When testing becomes too high stakes, there are lots of unintended consequences. Officials in India are seeing that this week as images of parents climbing the outside of school buildings to pass cheat sheets to their children make world-wide news.
Luckily things aren’t as bad here in Connecticut, but they are the worst in our memory. Testing is taking over schools and that’s why CEA leaders have launched a powerful effort to get the state to change course.
CEA President Sheila Cohen and Executive Director Mark Waxenberg explained CEA’s proposal to replace SBAC with progress monitoring assessments to the legislature’s Education Committee during a hearing yesterday. Watch Cohen explain some of the problems with SBAC below.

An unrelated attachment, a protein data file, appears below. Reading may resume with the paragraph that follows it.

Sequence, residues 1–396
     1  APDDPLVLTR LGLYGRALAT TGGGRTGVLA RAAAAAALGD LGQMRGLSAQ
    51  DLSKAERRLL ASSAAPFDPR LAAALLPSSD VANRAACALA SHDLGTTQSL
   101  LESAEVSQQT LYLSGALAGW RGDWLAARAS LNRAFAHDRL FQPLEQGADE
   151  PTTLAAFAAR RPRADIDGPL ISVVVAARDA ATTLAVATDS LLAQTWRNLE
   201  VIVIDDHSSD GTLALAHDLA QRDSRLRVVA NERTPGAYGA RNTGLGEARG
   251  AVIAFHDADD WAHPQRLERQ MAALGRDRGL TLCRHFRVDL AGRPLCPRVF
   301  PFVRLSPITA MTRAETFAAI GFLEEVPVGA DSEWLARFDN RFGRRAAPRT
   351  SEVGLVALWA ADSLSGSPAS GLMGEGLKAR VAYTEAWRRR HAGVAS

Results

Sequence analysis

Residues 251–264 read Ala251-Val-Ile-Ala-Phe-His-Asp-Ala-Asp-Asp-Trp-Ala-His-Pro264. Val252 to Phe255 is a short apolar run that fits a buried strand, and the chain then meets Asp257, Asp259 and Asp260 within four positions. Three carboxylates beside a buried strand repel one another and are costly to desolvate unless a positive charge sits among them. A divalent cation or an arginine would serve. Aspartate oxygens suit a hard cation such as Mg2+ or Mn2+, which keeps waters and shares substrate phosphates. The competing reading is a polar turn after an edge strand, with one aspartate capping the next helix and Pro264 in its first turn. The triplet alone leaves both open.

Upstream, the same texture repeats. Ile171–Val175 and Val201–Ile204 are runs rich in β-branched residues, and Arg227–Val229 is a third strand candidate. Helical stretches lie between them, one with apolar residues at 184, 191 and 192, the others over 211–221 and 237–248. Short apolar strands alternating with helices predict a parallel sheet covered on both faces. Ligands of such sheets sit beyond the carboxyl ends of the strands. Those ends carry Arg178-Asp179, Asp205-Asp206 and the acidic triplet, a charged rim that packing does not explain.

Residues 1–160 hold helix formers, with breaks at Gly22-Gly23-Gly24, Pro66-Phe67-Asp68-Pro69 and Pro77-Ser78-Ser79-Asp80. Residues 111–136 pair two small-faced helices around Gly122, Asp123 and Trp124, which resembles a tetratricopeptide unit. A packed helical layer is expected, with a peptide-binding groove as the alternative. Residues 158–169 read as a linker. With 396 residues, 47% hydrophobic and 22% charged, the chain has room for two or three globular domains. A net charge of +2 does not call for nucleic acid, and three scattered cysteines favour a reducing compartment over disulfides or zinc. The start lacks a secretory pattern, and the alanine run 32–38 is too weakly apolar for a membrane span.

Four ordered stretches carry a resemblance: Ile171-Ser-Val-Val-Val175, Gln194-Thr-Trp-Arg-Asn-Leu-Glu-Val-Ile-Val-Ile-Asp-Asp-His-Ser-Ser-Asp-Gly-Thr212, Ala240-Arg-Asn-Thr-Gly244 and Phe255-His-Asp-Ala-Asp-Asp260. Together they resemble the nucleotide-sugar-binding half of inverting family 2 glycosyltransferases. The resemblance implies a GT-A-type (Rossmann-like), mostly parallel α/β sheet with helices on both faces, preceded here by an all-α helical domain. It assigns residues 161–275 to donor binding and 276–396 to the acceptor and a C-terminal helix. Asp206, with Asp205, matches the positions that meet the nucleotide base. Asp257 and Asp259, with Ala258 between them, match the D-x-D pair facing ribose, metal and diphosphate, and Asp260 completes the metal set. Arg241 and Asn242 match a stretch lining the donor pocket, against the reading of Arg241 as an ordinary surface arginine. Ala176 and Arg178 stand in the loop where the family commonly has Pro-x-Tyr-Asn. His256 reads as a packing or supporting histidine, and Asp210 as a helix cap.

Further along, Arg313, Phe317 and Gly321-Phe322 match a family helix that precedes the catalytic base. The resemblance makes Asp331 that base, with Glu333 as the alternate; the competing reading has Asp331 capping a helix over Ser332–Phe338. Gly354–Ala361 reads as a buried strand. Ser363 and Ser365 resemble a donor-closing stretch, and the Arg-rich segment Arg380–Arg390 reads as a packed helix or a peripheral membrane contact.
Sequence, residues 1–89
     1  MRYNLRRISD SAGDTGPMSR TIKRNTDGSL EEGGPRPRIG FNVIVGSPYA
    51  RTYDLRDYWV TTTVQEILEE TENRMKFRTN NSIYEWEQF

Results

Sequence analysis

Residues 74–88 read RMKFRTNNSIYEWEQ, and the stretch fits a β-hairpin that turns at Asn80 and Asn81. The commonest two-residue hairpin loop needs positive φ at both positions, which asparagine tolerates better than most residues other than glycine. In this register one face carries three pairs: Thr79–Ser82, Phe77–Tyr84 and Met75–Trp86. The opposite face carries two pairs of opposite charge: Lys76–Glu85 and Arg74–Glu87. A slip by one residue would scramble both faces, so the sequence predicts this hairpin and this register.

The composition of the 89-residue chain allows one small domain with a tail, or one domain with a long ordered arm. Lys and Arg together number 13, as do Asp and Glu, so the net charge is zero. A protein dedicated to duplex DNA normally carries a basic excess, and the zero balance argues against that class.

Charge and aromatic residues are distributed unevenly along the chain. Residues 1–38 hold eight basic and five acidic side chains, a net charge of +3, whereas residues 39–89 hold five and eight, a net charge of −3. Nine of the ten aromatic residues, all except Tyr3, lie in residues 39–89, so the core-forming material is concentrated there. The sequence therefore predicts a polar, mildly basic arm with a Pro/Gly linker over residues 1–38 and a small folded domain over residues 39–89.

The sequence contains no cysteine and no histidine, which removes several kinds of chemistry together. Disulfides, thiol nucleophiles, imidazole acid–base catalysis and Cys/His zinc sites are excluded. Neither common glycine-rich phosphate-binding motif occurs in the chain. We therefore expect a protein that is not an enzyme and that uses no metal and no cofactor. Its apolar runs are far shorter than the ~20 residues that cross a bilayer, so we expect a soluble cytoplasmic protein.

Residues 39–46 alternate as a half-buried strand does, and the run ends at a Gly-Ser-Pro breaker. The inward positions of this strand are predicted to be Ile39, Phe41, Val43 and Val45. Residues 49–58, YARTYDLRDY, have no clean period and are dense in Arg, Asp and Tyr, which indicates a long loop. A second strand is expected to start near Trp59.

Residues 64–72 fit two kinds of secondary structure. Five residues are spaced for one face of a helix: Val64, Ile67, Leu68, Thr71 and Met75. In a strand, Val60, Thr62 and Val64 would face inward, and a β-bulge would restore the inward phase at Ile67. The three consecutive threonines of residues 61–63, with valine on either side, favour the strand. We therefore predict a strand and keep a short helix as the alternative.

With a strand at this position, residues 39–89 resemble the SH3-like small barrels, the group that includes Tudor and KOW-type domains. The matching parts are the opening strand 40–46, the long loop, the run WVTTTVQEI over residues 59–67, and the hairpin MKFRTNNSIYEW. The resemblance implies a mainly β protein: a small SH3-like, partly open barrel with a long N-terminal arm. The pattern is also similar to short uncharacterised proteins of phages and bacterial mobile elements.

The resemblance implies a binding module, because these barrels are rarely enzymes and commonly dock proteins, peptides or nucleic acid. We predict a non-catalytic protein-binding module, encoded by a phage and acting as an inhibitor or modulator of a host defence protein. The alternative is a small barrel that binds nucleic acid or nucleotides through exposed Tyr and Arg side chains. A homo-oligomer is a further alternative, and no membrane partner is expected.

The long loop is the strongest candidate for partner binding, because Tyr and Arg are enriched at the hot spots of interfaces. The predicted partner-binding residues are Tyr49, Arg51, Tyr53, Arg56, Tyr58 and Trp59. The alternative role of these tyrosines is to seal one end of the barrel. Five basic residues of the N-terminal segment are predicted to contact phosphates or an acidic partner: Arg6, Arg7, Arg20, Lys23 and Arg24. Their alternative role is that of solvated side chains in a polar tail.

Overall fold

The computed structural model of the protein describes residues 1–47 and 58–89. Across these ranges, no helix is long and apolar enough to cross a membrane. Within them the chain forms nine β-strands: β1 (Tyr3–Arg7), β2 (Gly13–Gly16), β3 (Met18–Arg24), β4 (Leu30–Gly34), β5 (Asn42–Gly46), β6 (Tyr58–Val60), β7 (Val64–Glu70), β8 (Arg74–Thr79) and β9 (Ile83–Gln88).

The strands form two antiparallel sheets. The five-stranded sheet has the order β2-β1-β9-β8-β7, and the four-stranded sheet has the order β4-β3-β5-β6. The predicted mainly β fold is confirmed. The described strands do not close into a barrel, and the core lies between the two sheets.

Dr. Monty Neill, executive director of FairTest, told the Education Committee why a high stakes standardized test such as SBAC limits students.
Neill, responding to a question by Education Committee Co-Chair Rep. Andrew Fleischmann, explained how CEA’s proposal would meet federal testing requirements under No Child Left Behind.